How do we go from a world where helping people is cliché to a world where swaths of lawyers are fighting to defend those doing just the opposite? The people who write that they want to help people too much on their applications are the same people three years later working for firms actively fighting for those who have hurt people. Intuitively, one might assume that the answer lies in money; the more money a corporation has, the more money a lawyer can make defending them. Most people know going into law school they can make more money if they go to work for a big law firm, but it runs much deeper than that. Big law firms are essentially buying new lawyers from the moment they step on campus as first year law students.
Every day, I walk by classrooms with plaques on the side that read “Mayer Brown Classroom” and “Vinson and Elkins Classroom,” named for two big law firms that apparently sponsor the rooms where we have lectures. In between classes, law firms often host lunches to talk about their offices and offer opportunities to network. Last year many of the lunch events with big law firms were on Zoom, but they still sent us $25-30 GrubHub or UberEats vouchers for signing up. Once, I lucked out by still getting a gift card when I forgot to attend the event.
Image provided by A Mis 30 por Boston
If you opt out of the law firm lunch events, you can usually still get a free lunch most days of the week sponsored by student organizations who are in turn sponsored by big law firms. Last year, people would post in group chats about when Texas Club was having a free lunch event, and we would all show up and make jokes about our lack of ties to Texas, just attending to fill up heaping plates from the barbecue platters. Despite the jokes, it didn’t really matter that we had no ties to Texas. Texas is a hub for big law. Big law firms want people to come to Texas, and they can pay for it with a pulled pork platter from Smokeshop BBQ in Harvard Square. Once when one of my friends and I were eating the leftovers from a lunch event in the dorm lounge last year, an upperclassman even offered to take us out on the firm’s dime for dinner at a restaurant of our choosing if he could talk to us about the firm.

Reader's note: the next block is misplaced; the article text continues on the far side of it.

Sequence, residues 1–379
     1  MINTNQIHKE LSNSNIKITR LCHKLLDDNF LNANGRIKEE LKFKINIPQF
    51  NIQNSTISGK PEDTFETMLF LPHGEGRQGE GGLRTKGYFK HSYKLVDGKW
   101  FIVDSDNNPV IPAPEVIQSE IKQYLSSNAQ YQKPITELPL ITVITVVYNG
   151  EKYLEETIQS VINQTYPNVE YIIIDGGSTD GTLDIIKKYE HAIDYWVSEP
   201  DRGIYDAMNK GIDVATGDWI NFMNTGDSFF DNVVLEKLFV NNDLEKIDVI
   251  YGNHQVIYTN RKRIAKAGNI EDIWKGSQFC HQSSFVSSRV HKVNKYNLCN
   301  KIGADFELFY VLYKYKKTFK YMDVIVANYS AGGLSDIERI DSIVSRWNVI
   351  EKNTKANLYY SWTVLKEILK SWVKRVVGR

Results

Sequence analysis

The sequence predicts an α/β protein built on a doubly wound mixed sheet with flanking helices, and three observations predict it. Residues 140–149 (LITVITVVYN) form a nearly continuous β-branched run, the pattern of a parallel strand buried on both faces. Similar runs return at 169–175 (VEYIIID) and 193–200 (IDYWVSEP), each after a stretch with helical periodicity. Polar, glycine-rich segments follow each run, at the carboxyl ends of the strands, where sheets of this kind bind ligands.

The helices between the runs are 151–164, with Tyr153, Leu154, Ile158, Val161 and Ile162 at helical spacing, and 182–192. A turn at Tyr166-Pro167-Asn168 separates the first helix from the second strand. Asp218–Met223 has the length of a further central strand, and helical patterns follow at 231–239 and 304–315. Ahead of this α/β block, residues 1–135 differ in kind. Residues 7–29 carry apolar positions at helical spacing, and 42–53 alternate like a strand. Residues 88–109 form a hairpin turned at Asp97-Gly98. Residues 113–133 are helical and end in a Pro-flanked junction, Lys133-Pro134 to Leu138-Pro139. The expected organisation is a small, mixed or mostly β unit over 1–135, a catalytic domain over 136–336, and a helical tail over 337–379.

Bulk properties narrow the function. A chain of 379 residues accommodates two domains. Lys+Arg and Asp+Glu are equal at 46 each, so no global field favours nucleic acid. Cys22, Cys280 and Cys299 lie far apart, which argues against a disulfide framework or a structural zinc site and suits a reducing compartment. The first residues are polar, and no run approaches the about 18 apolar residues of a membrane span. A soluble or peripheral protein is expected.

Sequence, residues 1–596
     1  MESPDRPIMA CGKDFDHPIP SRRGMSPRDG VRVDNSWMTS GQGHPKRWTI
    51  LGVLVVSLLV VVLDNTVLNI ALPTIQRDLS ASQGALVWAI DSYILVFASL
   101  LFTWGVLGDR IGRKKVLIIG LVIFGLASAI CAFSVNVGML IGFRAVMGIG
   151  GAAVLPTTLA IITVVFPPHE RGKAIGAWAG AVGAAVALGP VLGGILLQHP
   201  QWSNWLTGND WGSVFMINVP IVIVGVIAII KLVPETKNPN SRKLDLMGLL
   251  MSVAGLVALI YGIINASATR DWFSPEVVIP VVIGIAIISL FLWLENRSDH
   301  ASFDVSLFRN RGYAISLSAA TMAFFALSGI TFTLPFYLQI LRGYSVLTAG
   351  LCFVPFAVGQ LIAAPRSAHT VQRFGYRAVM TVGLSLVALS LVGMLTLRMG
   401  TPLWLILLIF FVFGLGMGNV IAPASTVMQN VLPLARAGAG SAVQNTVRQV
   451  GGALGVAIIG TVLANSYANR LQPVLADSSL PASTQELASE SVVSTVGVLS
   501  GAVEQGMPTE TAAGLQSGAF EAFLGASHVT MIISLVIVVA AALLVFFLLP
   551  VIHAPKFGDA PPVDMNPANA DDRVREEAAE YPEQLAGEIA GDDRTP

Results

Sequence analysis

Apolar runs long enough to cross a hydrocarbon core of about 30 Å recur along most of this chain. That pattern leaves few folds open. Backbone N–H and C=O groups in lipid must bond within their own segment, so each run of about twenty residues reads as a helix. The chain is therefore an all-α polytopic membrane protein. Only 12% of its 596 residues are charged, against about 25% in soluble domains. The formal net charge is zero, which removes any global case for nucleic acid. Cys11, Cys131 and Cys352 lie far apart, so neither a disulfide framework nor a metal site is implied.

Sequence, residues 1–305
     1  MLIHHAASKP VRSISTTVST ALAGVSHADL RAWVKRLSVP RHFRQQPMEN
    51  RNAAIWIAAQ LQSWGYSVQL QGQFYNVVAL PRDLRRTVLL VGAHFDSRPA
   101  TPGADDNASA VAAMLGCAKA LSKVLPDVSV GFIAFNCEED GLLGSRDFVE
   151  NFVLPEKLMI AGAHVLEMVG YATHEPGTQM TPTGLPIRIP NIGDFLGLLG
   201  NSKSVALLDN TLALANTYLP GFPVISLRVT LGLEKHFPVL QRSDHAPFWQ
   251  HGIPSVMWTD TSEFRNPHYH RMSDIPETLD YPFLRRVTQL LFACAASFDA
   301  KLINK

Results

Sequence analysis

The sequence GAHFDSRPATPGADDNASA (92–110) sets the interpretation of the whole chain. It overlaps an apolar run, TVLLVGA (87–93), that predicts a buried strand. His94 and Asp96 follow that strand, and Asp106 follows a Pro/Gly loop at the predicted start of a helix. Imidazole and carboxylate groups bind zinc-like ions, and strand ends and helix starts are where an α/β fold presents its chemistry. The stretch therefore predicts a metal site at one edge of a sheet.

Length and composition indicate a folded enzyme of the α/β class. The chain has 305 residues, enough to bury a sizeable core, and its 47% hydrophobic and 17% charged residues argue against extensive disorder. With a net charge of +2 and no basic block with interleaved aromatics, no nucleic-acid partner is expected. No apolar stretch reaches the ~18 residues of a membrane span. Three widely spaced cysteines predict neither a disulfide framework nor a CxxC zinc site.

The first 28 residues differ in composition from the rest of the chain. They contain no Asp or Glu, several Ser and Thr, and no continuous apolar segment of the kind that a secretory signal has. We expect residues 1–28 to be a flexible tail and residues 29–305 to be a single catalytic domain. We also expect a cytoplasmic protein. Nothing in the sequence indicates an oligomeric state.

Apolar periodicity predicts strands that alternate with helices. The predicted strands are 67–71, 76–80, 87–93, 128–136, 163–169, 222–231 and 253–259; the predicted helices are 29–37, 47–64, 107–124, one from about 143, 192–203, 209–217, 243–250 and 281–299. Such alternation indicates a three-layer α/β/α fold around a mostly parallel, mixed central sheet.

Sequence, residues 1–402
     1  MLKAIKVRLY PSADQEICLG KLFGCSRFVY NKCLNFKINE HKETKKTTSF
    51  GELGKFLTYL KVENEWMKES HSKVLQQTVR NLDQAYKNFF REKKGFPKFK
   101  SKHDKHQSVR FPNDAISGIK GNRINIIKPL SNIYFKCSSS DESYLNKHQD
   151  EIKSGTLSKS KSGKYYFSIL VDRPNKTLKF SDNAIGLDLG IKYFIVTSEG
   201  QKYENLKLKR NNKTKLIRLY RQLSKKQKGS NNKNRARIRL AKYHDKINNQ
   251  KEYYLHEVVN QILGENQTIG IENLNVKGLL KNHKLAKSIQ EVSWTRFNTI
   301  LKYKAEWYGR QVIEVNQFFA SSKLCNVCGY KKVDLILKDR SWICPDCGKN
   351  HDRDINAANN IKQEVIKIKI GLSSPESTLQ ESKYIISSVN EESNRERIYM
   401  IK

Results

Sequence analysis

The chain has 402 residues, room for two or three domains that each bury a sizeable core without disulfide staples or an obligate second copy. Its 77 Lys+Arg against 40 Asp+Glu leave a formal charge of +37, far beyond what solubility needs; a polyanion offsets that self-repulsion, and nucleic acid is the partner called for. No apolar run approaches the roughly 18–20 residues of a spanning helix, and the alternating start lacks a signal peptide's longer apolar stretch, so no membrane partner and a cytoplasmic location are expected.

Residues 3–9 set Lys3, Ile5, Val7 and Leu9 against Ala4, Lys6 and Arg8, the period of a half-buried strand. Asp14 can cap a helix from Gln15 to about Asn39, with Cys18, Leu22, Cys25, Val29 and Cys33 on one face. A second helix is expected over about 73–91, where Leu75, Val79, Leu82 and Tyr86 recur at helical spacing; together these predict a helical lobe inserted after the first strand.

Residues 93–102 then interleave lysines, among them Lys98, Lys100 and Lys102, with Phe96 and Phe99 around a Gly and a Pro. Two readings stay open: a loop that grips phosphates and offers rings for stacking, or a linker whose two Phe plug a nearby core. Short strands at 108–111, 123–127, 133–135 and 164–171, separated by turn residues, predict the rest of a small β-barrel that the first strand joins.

In Harvard Immigration Project (HIP), a student group I was in last year that does pro bono work for immigrants through projects such as working on international policy and providing free legal services to immigrants in the Boston area, many of our events had free lunch. At one point, we had a mandatory free lunch where representatives from big law firms Zoomed in to speak. The crux of the event was to talk to us about how we can go into big law and still volunteer our hours to help people with free pro bono services. In bold in our HIP newsletter, it was stressed that this was “the only mandatory HIP event all year” and it was “mandatory for all HIP members in order to support our ongoing fundraising efforts.” I was never able to schedule a meeting with a client because of class conflicts, but I had to go to that lunch. Immigrants in Boston who need free legal services can’t pay a student organization what it needs to function for an academic school year, but a big law firm can.